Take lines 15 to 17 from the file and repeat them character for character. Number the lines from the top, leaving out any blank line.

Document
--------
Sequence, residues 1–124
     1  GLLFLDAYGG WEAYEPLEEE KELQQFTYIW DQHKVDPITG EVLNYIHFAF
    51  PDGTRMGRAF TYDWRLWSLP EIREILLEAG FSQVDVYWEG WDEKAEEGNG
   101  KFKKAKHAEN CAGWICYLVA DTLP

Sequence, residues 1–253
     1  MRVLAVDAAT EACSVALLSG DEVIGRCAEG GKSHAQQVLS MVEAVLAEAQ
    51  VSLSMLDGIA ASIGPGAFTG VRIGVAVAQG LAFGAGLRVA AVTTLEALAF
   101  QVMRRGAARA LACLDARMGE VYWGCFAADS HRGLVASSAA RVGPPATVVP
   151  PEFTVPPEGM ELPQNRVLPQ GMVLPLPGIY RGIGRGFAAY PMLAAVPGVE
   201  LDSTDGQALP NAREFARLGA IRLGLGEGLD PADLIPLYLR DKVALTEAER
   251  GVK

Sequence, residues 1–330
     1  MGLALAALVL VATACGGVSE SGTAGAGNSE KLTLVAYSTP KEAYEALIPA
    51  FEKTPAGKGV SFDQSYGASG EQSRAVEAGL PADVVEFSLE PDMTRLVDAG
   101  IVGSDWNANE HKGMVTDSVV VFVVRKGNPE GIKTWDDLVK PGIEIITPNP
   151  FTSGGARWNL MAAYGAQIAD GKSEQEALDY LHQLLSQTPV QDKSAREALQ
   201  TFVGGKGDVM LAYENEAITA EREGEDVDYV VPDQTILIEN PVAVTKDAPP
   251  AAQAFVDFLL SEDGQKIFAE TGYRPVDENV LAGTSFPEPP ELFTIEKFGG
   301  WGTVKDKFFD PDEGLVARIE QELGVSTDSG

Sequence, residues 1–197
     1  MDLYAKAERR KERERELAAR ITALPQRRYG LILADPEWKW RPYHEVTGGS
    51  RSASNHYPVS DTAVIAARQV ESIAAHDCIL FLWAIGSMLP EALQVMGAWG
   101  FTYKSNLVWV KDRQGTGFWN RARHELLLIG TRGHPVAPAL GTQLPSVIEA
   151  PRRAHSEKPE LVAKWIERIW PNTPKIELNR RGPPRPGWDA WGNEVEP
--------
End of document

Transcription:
   101  IVGSDWNANE HKGMVTDSVV VFVVRKGNPE GIKTWDDLVK PGIEIITPNP
   151  FTSGGARWNL MAAYGAQIAD GKSEQEALDY LHQLLSQTPV QDKSAREALQ
   201  TFVGGKGDVM LAYENEAITA EREGEDVDYV VPDQTILIEN PVAVTKDAPP